There are also three Acai palms (that can be harvested for their “hearts”) and, eventually, there will be a large area for seasonal crops such as tomatoes, peppers, lettuces and spinach.

Medicinal Garden

Additionally, the hospital anticipates utilizing the plants grown in the Medicinal Garden, which is being looked after by Ryan’s wife Betsy, who has studied alternative medicines.

“The plants won’t be immediately incorporated into the healthcare program as our hospital is a tertiary care facility, while the remedies the plants have are on a more primary care side,” Ryan explains.


“We do anticipate that integrative medicine practices, championed by Betsy, will make their way to the island’s primary care physicians and that these plants can be used as an integral part of care plans.

“We would love for the Health City Medicinal Garden to be the first used in these practices. This will take a bit of mindset change among our local primary physicians, but the research is overwhelming that they work and reduce/help the need for pharmaceuticals.”

Margaret has incorporated a mixture of Indian and Caymanian plants used in traditional medicine.

“It seemed fitting to include such a garden, particularly as this is an Indian hospital and India is so famous for its Ayurvedic medicine which encompasses many herbal remedies,” she says.

The Sanctuary, meanwhile, provides an area for quiet contemplation with two garden seats and a fishpond set amidst an exotic oasis.

And patients who are recovering from surgery can also enjoy the gardens from the privacy of their beds, thanks to big windows in the hospital.

“This two-storied building was planted on all sides with tall-growing trees and palms which would attract parrots and other birds by their fruit,” Margaret explains.

“Thus the patients would be able to enjoy this activity from their beds.”

Native plants
Native planting was central to the landscaping not only from an environmental aspect as they are already adapted to the climate and often require little watering, but also from an aesthetic viewpoint.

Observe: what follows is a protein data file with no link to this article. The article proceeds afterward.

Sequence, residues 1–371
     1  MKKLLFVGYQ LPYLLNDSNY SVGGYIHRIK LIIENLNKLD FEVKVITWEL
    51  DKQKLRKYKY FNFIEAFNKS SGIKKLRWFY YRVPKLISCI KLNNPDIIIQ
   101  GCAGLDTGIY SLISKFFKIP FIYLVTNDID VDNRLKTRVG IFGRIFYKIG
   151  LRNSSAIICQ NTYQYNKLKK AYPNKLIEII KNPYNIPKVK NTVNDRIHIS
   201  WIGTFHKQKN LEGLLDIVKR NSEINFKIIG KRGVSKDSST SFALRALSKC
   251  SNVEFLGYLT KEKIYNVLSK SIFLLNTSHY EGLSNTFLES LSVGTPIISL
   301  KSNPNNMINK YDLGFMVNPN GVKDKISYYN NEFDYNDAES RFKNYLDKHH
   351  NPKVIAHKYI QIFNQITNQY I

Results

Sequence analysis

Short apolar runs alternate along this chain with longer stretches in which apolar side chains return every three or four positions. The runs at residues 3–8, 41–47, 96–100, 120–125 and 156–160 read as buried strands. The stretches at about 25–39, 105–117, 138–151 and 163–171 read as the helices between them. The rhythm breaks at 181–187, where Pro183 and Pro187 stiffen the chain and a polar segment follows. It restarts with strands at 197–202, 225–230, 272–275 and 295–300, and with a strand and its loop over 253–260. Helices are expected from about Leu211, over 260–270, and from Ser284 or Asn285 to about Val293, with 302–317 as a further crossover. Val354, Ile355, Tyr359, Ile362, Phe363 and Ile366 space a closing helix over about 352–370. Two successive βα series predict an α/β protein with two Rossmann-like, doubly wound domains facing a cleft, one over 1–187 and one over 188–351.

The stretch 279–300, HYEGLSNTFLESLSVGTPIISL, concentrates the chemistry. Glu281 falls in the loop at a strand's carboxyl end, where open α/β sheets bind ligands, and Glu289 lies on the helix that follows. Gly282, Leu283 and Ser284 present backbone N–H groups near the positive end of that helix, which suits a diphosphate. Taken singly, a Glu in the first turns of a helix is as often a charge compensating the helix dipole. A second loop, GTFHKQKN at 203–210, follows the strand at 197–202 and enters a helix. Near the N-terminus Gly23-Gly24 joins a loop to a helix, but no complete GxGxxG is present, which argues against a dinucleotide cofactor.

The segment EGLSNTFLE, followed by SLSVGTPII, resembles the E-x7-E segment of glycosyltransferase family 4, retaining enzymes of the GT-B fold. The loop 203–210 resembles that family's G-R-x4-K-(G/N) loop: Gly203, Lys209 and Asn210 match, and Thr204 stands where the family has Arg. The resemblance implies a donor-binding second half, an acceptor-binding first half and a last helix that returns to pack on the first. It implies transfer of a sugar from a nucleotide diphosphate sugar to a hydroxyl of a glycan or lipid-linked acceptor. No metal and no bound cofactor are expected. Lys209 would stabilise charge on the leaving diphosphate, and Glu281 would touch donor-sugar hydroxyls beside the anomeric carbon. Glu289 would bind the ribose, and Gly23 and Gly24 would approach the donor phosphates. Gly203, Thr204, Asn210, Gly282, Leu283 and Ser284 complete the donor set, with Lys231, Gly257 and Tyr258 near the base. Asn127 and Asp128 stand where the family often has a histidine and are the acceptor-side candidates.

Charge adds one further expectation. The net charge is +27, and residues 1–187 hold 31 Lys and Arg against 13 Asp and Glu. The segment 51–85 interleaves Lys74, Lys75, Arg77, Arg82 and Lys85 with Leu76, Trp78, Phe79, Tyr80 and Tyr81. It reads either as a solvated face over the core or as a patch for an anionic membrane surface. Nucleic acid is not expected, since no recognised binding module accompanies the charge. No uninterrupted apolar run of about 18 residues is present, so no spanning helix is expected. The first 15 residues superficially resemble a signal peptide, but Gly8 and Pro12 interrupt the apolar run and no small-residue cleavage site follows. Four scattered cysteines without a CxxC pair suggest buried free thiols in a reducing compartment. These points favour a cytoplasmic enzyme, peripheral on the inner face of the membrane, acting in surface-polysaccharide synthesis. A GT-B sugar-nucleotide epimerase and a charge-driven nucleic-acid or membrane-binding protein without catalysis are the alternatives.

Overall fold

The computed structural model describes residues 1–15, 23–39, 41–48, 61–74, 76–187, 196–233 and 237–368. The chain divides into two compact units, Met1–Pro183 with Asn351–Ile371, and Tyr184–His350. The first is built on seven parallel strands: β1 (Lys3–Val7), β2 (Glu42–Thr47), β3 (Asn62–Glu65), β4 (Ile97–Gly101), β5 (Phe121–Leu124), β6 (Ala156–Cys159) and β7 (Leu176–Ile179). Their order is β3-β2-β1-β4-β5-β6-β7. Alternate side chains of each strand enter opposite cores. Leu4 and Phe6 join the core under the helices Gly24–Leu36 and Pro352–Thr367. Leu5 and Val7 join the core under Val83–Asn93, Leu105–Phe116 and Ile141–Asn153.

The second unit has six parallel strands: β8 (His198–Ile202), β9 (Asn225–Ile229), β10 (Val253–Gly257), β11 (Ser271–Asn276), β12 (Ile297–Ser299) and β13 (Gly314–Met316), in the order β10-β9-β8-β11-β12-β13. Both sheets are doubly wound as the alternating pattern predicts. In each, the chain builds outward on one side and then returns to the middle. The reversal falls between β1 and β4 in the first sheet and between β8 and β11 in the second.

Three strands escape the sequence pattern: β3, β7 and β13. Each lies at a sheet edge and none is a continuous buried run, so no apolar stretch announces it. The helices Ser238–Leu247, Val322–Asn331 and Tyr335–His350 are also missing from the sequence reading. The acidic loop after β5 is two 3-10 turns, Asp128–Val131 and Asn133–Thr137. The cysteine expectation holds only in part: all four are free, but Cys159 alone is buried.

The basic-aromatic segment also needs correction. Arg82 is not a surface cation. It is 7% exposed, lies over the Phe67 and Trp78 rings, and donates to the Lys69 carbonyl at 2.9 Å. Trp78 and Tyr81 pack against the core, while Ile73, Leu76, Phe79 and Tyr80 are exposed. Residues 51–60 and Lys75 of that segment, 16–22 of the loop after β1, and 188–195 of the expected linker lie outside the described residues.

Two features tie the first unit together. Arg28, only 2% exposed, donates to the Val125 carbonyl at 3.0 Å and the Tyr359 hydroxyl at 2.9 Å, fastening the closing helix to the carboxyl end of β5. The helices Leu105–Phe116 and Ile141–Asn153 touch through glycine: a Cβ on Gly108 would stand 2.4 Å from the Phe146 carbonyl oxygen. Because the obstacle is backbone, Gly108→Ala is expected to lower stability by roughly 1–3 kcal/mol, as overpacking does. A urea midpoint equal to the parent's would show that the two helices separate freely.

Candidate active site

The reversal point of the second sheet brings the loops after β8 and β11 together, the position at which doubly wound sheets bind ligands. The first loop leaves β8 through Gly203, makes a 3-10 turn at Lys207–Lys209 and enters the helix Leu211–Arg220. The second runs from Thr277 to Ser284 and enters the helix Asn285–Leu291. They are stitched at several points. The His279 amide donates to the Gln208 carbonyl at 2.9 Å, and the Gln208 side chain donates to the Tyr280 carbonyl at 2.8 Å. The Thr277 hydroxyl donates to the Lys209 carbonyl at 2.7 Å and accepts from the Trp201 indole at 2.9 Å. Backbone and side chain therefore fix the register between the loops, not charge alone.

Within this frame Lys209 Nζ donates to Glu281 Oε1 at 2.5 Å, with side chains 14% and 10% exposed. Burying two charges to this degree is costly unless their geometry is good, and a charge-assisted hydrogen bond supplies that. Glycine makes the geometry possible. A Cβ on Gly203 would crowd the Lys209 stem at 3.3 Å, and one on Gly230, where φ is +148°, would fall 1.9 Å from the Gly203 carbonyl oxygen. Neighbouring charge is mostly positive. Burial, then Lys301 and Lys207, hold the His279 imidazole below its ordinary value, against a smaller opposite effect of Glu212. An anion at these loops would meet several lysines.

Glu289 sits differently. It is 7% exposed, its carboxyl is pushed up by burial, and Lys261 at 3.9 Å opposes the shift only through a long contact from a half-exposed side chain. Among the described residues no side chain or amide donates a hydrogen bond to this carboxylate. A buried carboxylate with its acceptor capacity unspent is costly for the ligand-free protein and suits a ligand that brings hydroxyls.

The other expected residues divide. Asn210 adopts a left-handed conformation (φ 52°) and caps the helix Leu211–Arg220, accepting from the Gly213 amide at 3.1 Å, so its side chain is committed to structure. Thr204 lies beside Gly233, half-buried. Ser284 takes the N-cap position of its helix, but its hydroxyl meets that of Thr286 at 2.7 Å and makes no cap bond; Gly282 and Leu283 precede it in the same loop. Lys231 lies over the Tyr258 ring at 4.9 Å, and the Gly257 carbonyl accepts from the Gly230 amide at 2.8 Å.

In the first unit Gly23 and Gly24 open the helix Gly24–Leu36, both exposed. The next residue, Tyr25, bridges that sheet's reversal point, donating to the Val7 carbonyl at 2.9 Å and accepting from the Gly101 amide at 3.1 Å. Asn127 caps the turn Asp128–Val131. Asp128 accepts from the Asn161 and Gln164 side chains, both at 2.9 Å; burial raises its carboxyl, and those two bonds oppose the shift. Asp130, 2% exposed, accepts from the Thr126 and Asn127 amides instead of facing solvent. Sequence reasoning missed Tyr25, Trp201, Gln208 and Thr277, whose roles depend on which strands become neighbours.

“Naturalistic plantings of island flora will make patients feel relaxed and minimize the stress already associated with major surgeries,” states part of the design brief.

Plans are also in place to start a nursery on-site to propagate plants for future phases.

To help minimize the environmental impact of the hospital development, felled trees have been mulched and top soil will be made from excavated peat, rain water is collected in the gutters and gray water used for irrigation.

Health City has also been working with the National Trust for the Cayman Islands, and the Cayman Islands Orchid Society, to recover orchids from felled trees so they can be replanted on-site or in the Botanic Park.

“We feel that active discussions with groups such as these in our community are the most productive way to develop responsibly while meeting the ultimate humanitarian goal of the hospital which is to help remove the connection of affluence to quality specialty healthcare in the world,” says Ryan.

Health City is one of Margaret’s final projects as she is semi-retiring to France, although she will return to Cayman to undertake future phases of the hospital’s landscaping.

“Because of (horticulturalist) Michael Ferrero’s interest in this project whilst he was working at the Botanic Park and (general manager) John Lawrus’s encouragement, we were able to add many unusual and rare tree species to our plantings,” she says.

“That has resulted in making the contents of these gardens a serious asset to our islands.” 



Entrance to Health City